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6th Grade Interactive Math Skill Builders

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Probability - CCSS 6.SP.B.1, 6.SP.B.2, 6.SP.B.3, 6.SP.B.5


Links verified on 12/24/2015


  1. Adjustable Spinner - Students can create a game spinner with variable sized sectors to look at experimental and theoretical probabilities. Parameters: Sizes of sectors, number of sectors, number of trials.
  2. Coin Flip - This coin flipper builds a column graph one flip at time - let your students see the progression as data is generated and collected.
  3. Coin Toss - Toss enough coins to make a prediction about probability (maximum number of tosses 1000, but you can keep tossing to get a larger data set).
  4. Leap Frog - Design an experiment to answer a question, collect information and interpret the results using charts.
  5. Lions and Tigers - Predict the likelihood of a simple event (rolling a die) as a fraction.
  6. Marbles - Students learn about sampling with and without replacement by modeling drawing marbles from a bag. Parameters: Number and color of marbles in the bag, replacement rule.
  7. Me Too Probability - Use a tree diagram to display possible outcomes of who will come to the party.
  8. On Stage Probability - Use tree diagrams to display the possible outcomes of casting a play.
  9. The Random Ball-Picking Machine - Experiment with a random generator at a BBC site to collect data to make decisions about probability.
  10. Spinner - Students can create a game spinner with one to twelve sectors to look at experimental and theoretical probabilities. Parameters: Number of sectors, number of trials.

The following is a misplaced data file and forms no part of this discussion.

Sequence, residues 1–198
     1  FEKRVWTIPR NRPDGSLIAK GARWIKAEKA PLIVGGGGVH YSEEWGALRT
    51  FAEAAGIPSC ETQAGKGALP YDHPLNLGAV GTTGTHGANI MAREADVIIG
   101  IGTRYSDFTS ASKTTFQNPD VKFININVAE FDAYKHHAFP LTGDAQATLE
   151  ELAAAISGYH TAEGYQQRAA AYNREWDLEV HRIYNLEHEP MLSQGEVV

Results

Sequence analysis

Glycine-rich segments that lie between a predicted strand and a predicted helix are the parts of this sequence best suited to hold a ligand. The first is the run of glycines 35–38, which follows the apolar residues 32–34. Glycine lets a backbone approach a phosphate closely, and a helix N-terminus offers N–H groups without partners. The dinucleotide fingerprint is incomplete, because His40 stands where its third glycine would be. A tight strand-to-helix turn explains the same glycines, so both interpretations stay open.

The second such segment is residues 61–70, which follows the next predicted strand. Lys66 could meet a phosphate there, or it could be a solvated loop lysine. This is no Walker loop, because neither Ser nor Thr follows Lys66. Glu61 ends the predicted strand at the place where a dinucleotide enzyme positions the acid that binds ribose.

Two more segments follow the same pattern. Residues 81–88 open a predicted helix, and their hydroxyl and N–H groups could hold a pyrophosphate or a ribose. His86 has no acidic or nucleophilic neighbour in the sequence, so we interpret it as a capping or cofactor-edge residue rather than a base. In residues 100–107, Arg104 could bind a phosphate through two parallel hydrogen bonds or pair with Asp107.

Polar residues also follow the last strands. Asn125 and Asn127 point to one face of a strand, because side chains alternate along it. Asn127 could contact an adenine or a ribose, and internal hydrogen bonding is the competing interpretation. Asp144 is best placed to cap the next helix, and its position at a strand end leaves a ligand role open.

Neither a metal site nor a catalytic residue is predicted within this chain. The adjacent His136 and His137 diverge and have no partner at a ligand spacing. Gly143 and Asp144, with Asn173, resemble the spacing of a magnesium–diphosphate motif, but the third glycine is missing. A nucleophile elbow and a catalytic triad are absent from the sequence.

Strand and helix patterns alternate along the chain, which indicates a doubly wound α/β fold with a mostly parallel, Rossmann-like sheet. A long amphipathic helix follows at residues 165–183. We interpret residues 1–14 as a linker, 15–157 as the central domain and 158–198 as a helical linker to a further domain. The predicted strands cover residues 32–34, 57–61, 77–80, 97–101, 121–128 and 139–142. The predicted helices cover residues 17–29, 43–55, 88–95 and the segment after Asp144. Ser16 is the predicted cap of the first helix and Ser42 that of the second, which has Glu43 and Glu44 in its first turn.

11. Spy Guys Interactive - Probability - Watch the video and respond at various places Lesson 19 . This video includes sections which ask students to inpur responses
  12. Two Colors - Students choose between three boxes and choose one marble from the box to look at conditional probabilities.
  13. Understanding Experimental Probability - Experiment with experimental probability using a fixed size section spinner, a variable section spinner, 2 regular 6-sided number cubes or design your own number cubes.
  14. What Are Your Chances - What many people refer to as 'good luck' can actually be explained by a little knowledge about probability and statistics. See how increasing or decreasing the number of dice rolls effects an outcome.
  15. Who Will Probably Come? - Use problem-solving steps and a tree diagram to display possible outcomes and make predictions.



Statistics



  1. Calculate stats on 15 numbers: order them, then calculate range, mean, median and mode.
  2. Calculate stats on 16 numbers: order them, then calculate range, mean, median and mode.
  3. Calculate stats on 6 to 16 numbers: order them, then calculate range, mean, median and mode.

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